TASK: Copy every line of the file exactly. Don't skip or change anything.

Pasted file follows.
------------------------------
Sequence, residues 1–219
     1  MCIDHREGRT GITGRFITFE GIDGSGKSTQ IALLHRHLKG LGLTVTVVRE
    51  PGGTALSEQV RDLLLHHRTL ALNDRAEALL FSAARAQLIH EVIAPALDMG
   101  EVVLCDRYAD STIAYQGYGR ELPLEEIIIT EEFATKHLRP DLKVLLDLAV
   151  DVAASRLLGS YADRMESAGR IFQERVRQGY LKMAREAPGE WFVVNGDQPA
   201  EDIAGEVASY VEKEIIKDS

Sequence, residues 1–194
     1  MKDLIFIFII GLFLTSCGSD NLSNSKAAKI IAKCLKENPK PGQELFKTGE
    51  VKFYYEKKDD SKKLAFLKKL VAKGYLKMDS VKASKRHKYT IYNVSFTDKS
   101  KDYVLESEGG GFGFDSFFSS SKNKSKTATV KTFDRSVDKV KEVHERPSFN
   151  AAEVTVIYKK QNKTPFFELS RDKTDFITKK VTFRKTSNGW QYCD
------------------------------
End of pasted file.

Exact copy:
Sequence, residues 1–219
     1  MCIDHREGRT GITGRFITFE GIDGSGKSTQ IALLHRHLKG LGLTVTVVRE
    51  PGGTALSEQV RDLLLHHRTL ALNDRAEALL FSAARAQLIH EVIAPALDMG
   101  EVVLCDRYAD STIAYQGYGR ELPLEEIIIT EEFATKHLRP DLKVLLDLAV
   151  DVAASRLLGS YADRMESAGR IFQERVRQGY LKMAREAPGE WFVVNGDQPA
   201  EDIAGEVASY VEKEIIKDS

Sequence, residues 1–194
     1  MKDLIFIFII GLFLTSCGSD NLSNSKAAKI IAKCLKENPK PGQELFKTGE
    51  VKFYYEKKDD SKKLAFLKKL VAKGYLKMDS VKASKRHKYT IYNVSFTDKS
   101  KDYVLESEGG GFGFDSFFSS SKNKSKTATV KTFDRSVDKV KEVHERPSFN
   151  AAEVTVIYKK QNKTPFFELS RDKTDFITKK VTFRKTSNGW QYCD